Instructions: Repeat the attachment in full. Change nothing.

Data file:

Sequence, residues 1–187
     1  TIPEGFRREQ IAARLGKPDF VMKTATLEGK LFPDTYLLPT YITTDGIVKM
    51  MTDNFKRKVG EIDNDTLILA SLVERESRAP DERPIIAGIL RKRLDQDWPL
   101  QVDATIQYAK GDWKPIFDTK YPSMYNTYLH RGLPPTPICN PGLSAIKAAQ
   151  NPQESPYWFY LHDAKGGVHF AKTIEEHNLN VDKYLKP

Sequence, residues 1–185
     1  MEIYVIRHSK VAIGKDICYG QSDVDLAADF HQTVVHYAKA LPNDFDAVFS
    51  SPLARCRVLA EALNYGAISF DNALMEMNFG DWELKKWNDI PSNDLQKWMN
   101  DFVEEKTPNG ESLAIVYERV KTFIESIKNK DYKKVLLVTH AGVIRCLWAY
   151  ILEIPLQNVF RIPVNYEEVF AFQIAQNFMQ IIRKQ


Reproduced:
Sequence, residues 1–187
     1  TIPEGFRREQ IAARLGKPDF VMKTATLEGK LFPDTYLLPT YITTDGIVKM
    51  MTDNFKRKVG EIDNDTLILA SLVERESRAP DERPIIAGIL RKRLDQDWPL
   101  QVDATIQYAK GDWKPIFDTK YPSMYNTYLH RGLPPTPICN PGLSAIKAAQ
   151  NPQESPYWFY LHDAKGGVHF AKTIEEHNLN VDKYLKP

Sequence, residues 1–185
     1  MEIYVIRHSK VAIGKDICYG QSDVDLAADF HQTVVHYAKA LPNDFDAVFS
    51  SPLARCRVLA EALNYGAISF DNALMEMNFG DWELKKWNDI PSNDLQKWMN
   101  DFVEEKTPNG ESLAIVYERV KTFIESIKNK DYKKVLLVTH AGVIRCLWAY
   151  ILEIPLQNVF RIPVNYEEVF AFQIAQNFMQ IIRKQ